“During the time my father was branch president, my family went to Salt Lake City to attend conference and to be sealed. While we were there, Brother and Sister Davis, friends of my parents, invited our family to dinner. Before we ended the night, we had a testimony meeting in which we sat in a huge circle because the Davis’s had a large family. As each person around the circle bore testimony in turn, I began to worry about what I would say when it was my turn. I wanted to say that I knew Joseph Smith was a prophet, that he really saw Jesus the Christ and the Father in the grove. As it got closer to my turn, a strong and definite feeling started to build: I knew Joseph was a prophet. When it came to my turn, it was almost impossible to speak, but as I bore my brief and tearful testimony, I felt a power within testifying that what I was saying was true and that if I believed it, which I did, I ought to do my best to always follow the Savior. My father was sitting next to me, and I was grateful when he reached over and put his arm around me. My parents were not openly affectionate people, and that occasion was one of the few times I remember my dad hugging me.”
The visit to Utah precipitated the family’s move there the following summer in July, when Milt was almost nine years old. He recalls, “My parents used to tell me that we moved to Salt Lake for three reasons: one, for the Church so that us kids could grow up where there were a lot of Latter-day Saints; two, for more stable and better employment for my dad; and three, so that we children could go to BYU. (Ironically, none of us did.)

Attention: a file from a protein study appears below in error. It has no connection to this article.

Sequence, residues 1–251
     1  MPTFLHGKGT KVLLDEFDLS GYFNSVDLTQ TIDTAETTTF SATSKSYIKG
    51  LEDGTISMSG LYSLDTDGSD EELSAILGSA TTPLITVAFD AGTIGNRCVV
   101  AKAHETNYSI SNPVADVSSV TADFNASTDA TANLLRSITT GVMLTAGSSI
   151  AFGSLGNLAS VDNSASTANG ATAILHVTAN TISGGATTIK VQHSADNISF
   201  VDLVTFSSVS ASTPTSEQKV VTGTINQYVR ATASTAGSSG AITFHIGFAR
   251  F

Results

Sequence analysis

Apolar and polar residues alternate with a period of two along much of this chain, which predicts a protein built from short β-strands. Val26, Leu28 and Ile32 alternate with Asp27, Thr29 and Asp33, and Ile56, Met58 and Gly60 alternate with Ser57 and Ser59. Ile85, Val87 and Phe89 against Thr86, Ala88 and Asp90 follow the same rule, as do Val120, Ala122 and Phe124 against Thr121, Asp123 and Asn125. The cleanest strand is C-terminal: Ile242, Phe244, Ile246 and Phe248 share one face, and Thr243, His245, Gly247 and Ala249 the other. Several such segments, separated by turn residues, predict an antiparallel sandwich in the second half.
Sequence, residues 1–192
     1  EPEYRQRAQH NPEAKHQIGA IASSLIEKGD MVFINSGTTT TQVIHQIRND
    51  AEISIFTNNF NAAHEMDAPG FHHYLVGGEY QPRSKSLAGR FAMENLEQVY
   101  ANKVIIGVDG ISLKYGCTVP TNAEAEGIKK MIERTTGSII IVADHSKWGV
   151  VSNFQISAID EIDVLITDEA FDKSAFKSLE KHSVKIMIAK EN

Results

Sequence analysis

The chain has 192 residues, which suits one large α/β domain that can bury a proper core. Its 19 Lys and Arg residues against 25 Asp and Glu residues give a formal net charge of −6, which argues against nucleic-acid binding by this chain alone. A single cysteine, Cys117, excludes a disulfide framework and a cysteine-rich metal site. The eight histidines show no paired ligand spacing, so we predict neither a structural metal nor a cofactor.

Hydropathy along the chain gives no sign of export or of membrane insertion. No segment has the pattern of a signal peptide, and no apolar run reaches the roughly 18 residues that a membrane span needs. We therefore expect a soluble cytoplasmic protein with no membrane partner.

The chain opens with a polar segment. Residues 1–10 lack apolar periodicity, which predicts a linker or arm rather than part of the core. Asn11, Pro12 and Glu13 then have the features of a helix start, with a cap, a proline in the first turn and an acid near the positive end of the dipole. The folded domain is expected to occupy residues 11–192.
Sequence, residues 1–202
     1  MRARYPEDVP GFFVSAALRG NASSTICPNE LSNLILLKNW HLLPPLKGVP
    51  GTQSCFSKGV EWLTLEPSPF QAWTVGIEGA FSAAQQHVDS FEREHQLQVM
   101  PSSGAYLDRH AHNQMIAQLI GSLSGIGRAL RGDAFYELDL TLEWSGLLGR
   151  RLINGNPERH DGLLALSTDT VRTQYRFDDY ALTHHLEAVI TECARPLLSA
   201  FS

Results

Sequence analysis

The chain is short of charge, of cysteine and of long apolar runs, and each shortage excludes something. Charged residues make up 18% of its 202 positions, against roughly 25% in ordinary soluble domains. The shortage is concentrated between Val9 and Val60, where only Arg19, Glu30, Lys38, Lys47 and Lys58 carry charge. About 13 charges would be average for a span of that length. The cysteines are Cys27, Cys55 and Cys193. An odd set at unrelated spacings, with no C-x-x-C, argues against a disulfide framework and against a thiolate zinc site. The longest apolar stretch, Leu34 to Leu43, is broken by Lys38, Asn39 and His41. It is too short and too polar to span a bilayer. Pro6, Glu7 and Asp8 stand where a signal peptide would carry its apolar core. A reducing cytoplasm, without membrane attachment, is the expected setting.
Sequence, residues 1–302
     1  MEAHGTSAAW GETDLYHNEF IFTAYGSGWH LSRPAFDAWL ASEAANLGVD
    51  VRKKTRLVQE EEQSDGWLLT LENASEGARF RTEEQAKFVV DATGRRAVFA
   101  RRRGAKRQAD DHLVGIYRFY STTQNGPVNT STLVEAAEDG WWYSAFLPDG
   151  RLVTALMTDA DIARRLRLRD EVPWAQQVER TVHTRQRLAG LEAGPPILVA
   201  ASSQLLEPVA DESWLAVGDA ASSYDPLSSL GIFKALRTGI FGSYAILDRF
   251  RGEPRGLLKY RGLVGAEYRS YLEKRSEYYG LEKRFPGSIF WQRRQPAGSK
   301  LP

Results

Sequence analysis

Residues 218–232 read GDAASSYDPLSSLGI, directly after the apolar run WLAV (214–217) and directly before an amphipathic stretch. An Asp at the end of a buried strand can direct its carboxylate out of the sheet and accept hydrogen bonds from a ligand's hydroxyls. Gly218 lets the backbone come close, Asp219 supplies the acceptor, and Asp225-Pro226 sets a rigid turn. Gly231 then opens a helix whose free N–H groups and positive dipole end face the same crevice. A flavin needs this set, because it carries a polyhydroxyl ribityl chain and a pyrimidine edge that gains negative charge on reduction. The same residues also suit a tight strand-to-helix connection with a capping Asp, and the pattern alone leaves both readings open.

"My father was able to find better employment as a mechanic and machinist at Margett’s Tool and Dye, later changed to Stokermatic.

“When we first moved to Salt Lake, my family lived in the 19th Ward about Third North and Center Street. We stayed there for about six years and then moved out to the Granite area.

The move to Granite was a difficult transition for me, much more than the move from the reservation to Utah. I started high school at Granite High School with no friends. Socially, I was shy, but people generally liked me. I played golf on the school team and saxophone in the high school band. I played basketball on the ward team. We had a great team! Seminary was a highlight for me. I attended all four years. (In those days, you graduated from seminary after three years; the fourth year was optional.)

I had some wonderful teachers and great experiences. When I was a junior, my seminary teacher, Kent Garner, stopped the class one day, came over to me, and stood me up. He said, ‘Class, this is an American Indian.’ I wondered, ‘What is he doing this for?’ Then he said, ‘This is a Lamanite! This is who we read about in the scriptures.’ Everyone was impressed. It was one of many experiences that touched me personally and made me think that somebody cared.

I think I was goal-oriented as a high school student, but my goals were general, not specific: get the best grades I can, don’t get in trouble, always be a good Latter-day Saint, go to college, go on a mission, and get married in the temple. I graduated from high school in 1965.”